• Bcrp;
  • blood–brain barrier;
  • glutamate;
  • morphine;
  • P-glycoprotein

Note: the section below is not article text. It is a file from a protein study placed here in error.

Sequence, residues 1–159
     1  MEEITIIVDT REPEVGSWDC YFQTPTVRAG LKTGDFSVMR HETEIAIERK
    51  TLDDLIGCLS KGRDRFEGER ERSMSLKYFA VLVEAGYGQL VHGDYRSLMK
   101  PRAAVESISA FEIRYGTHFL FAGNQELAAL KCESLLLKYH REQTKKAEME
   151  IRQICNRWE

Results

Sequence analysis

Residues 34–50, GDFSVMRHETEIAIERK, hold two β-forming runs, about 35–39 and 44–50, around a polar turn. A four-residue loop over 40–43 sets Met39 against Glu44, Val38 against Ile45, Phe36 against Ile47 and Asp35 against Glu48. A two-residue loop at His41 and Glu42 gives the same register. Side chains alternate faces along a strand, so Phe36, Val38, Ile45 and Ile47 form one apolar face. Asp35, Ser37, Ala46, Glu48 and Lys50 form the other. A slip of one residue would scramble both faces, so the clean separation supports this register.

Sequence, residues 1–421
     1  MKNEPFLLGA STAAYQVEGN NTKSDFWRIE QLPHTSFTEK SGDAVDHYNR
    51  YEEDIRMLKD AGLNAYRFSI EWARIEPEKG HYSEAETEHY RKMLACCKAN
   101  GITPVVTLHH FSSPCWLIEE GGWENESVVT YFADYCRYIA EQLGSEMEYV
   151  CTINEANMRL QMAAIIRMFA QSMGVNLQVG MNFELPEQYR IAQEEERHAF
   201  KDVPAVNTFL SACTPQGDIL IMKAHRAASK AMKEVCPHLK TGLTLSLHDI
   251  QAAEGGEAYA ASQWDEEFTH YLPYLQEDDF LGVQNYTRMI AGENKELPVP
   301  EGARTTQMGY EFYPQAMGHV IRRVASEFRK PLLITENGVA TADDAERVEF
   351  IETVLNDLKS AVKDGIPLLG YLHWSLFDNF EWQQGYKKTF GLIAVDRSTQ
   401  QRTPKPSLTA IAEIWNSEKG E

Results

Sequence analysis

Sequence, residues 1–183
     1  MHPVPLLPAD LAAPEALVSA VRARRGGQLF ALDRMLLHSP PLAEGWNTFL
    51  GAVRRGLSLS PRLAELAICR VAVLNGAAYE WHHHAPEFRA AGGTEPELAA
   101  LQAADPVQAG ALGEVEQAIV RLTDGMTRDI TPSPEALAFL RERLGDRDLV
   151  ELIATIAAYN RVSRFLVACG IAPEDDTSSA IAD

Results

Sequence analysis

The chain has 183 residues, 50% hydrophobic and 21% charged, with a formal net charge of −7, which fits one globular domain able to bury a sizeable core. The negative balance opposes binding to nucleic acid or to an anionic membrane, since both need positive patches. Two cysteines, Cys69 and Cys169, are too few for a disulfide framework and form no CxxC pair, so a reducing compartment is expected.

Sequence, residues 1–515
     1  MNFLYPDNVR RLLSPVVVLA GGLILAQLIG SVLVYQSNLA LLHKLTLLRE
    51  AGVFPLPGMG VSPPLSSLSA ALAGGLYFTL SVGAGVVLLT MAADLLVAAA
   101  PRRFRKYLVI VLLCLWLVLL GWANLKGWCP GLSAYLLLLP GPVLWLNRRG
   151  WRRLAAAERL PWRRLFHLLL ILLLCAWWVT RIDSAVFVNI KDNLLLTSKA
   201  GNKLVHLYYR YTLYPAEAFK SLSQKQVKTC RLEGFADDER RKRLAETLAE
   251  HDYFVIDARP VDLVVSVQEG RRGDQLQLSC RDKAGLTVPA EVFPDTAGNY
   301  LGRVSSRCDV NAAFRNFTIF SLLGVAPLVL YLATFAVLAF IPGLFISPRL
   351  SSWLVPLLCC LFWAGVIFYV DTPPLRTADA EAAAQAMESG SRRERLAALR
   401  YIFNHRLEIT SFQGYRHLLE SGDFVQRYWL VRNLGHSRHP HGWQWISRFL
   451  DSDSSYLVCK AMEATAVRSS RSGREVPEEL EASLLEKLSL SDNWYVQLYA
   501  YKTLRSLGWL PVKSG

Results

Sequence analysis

Subchronic morphine treatment induces P-glycoprotein (P-gp) up-regulation at the blood–brain barrier. This study investigates the rate and extent to which P-gp and breast cancer-resistance protein (Bcrp) increase at the rat blood–brain barrier following subchronic morphine treatment. Rats were given increasing doses of morphine (10–40 mg/kg) or saline i.p. twice daily for 5 days. The brain cortex large vessels and microvessels were then mechanical isolated 6, 9, 12, 24, and 36 h after the last injection. The gene and protein expression of P-gp and Bcrp in morphine-treated and control rats were compared by qRT-PCR and western blotting. The levels of Mdr1a and Bcrp mRNAs were not significantly modified 6 h post morphine, but the Mdr1a mRNA increased 1.4-fold and Bcrp mRNA 2.4-fold at 24 h. P-gp and Bcrp protein expression in brain microvessels was unchanged 6 h post morphine and increased 1.5-fold at 24 h. This effect was more pronounced in large vessels than in microvessels. However, extracellular morphine concentrations of 0.01–10 μM did not modify the expressions of the MDR1 and BCRP genes in hCMEC/D3 human endothelial brain cells in vitro. MK-801 (NMDA antagonist) and meloxicam (cyclo-oxygenase-2 inhibitor) given after morphine treatment completely blocked P-gp and Bcrp up-regulation. Interestingly, misoprostol and iloprost, two well-known agonists of prostaglandin E2 receptors induced both MDR1 and BCRP mRNA levels in hCMEC/D3. Thus, morphine does not directly stimulate P-gp and Bcrp expression by the brain endothelium, but glutamate released during morphine withdrawal may do so by activating the NMDA/cyclo-oxygenase-2 cascade.